Smoking and HIV
Smoking increases your risk of developing lung cancer, other cancers, heart disease, chronic obstructive pulmonary disease (COPD), asthma, and other diseases, and of dying early. For these reasons, smoking is an important health issue for everyone, but it is a greater concern for people living with HIV, who tend to smoke more than the general population.
About 1 in 5 U.S. adults smoke. Among adults living with HIV, the number of people who smoke is 2 to 3 times greater. Smoking has many negative health effects on people who are living with HIV. For example, smokers living with HIV:
- Are at higher risk than nonsmokers with HIV of developing lung cancer, head and neck cancers, cervical and anal cancers, and other cancers;
- Are more likely than nonsmokers with HIV to develop bacterial pneumonia, Pneumocystis jiroveci pneumonia, COPD, and heart disease;
- Are more likely than nonsmokers with HIV to develop conditions that affect the mouth, such as oral candidiasis (thrush) and oral hairy leukoplakia; and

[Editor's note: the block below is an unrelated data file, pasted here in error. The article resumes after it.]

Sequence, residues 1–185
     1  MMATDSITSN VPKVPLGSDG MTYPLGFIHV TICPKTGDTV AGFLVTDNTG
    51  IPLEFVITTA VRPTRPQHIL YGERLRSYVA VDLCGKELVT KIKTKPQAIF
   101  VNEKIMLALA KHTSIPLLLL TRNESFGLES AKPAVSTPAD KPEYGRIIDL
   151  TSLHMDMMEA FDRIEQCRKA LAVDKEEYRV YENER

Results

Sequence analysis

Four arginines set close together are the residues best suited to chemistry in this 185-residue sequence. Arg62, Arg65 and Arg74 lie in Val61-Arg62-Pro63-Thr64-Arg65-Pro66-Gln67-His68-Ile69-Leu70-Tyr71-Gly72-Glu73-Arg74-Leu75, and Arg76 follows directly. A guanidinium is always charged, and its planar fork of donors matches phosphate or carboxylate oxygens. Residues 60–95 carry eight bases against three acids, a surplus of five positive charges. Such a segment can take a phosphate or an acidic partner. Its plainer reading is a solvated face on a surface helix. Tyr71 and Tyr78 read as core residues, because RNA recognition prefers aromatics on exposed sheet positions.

- Have a poorer response to antiretroviral therapy (ART).
People with HIV who smoke have a greater chance of developing a life-threatening illness that leads to an AIDS diagnosis. People who smoke and live with HIV also have a shorter lifespan than people living with HIV who do not smoke.
Find Help with Quitting Smoking
Talk with your health care provider about programs and products that can help you quit smoking.
Quitting smoking has major and immediate health benefits for tobacco users, including people living with HIV. These benefits include:
- Lowering your risk of lung cancer, other cancers, heart disease, chronic obstructive pulmonary disease (COPD), and stroke,
- Reducing HIV-related symptoms, and
- Having an improved quality of life.
You can learn about the benefits of quitting smoking and get tips for quitting from CDC’s national tobacco education campaign—Tips From Former Smokers (Tips). The Tips campaign profiles real people—not actors—who are living with serious long-term health effects from smoking and secondhand smoke exposure. You can also view a story and tips from a person living with HIV who quit smoking.
Visit betobaccofree.hhs.gov or call the Smoking Quitline: 877-44U-QUIT (877-448-7848) for more information on the many health benefits of quitting smoking. For help from your state quitline, call 1-800-QUIT-NOW (1-800-784-8669).